Power boating in small craft


Guideline review date: December 2017

The CARA planner (DOCX, 423KB) must be used in conjunction with this guideline to determine additional risk hazards and controls within school-specific circumstances.

Activity scope

This guideline relates to student participation in power boating in small craft as a curriculum activity. Small craft includes other Queensland regulated ships that are less than 6m and are powered by an outboard motor.

Power boating in small craft may involve other activities that have various risk levels. Refer to the relevant activity guideline (e.g. Fishing and bait​ gathering, towing and trailers) for mandatory requirements associated with these activities.

For activities beyond the scope of this activity a separate risk assessment must be undertaken using the CARA generic template (DOCX, 401KB).

Medium risk: Operating a ship in smooth, partially smooth waters up to 15 nautical miles offshore.
High risk: Operating a ship in open waters more than 15 nautical miles offshore.

All requirements are necessary for the activity to be conducted.

Hazards and controls

If any listed control measure below cannot be met:

  • modify the activity (or elements of it)


  • identify and implement alternative control measures to meet or exceed the level of safety.

Alternative or additional considerations, hazards and control measures must be included in the planning process.

Before the activity

Hazards Control measures
Considering environmental conditions

Assess weather conditions (Bureau of Meteorology) and obtain advice from lifeguards and/or local authorities about waterway conditions, potential hazards (e.g. rips, tides, currents, submerged rocks, water temperature and depth conditions), and dangerous marine organisms

Accessing facilities and using equipment

Lifejackets must be clearly visible and readily accessible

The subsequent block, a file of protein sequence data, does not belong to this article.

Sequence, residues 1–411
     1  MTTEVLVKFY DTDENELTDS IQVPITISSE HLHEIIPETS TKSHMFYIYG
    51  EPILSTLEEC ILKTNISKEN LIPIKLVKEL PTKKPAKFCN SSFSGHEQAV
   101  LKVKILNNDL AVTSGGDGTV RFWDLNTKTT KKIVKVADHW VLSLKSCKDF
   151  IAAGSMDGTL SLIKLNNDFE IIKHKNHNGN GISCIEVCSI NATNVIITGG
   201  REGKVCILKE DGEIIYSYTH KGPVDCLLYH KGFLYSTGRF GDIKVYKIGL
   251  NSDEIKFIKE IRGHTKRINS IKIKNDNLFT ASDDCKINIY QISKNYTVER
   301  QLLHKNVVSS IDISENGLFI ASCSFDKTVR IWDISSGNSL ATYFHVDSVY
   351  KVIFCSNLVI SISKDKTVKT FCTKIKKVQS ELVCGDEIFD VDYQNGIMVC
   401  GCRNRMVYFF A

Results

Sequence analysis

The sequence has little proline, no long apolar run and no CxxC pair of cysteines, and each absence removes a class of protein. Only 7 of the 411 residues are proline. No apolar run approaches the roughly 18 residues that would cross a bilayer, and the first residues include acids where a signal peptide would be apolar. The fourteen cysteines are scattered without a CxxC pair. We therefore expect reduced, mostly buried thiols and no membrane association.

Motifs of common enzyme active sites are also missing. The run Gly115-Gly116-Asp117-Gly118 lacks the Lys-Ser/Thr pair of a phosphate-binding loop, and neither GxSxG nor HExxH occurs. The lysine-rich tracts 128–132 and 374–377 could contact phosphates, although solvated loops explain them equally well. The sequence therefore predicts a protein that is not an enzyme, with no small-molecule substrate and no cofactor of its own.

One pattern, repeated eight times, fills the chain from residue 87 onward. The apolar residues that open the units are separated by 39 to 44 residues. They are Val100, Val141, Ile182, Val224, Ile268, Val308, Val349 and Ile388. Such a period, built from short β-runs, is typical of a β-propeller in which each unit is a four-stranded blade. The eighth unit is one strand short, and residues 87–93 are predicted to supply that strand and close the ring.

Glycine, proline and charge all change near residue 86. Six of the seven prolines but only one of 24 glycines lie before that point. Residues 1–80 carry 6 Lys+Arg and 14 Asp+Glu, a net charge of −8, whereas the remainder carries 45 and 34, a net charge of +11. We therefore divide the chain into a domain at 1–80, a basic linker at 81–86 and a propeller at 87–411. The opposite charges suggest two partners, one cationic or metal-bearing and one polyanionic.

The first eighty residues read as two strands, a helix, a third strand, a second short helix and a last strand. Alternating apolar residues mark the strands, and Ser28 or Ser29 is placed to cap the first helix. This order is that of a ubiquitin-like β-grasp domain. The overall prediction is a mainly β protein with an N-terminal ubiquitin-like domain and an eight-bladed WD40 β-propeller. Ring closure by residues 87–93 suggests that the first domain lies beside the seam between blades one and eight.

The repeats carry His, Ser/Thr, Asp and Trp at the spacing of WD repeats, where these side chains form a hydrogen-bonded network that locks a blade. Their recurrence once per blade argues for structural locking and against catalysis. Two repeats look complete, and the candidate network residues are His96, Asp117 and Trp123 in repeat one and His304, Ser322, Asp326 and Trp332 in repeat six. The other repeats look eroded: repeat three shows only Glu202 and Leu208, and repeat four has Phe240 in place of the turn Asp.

Check the vessel for loose equipment, sharp edges and sun-heated metal seats

Follow appropriate procedures for handling and mixing of fuels and the use of incendiary devices, such as flares

Managing student considerations

Ensure students are briefed about the nature and purpose of the activity, potential hazards and appropriate safety procedures

Develop a procedure for students who may develop sea sickness

Consider the duration of the activity and the provisions of food and water

Ensure appropriate clothing for all likely weather conditions

During the activity

Hazards Control measures
Considering environmental conditions

Continually monitor the prevailing weather/water conditions and dangerous marine creatures (e.g. crocodiles, stingers, oysters). Cease activities when environmental conditions tend towards unfavourable

Accessing facilities and using equipment

Watch for signs of dehydration, heat effects, seasickness and fatigue

Conduct checks on group numbers and maintain contact between all group members using the established communication plan

After the activity

Hazards Control measures
Accessing facilities and using equipment

Switch off internal combustion engines before refuelling

Ensure keys and starting devices are removed when not in use, and stored in a separate locked location

Managing student considerations

Implement procedures (e.g. roll marking mechanisms) for students leaving the location​


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Last updated 18 April 2023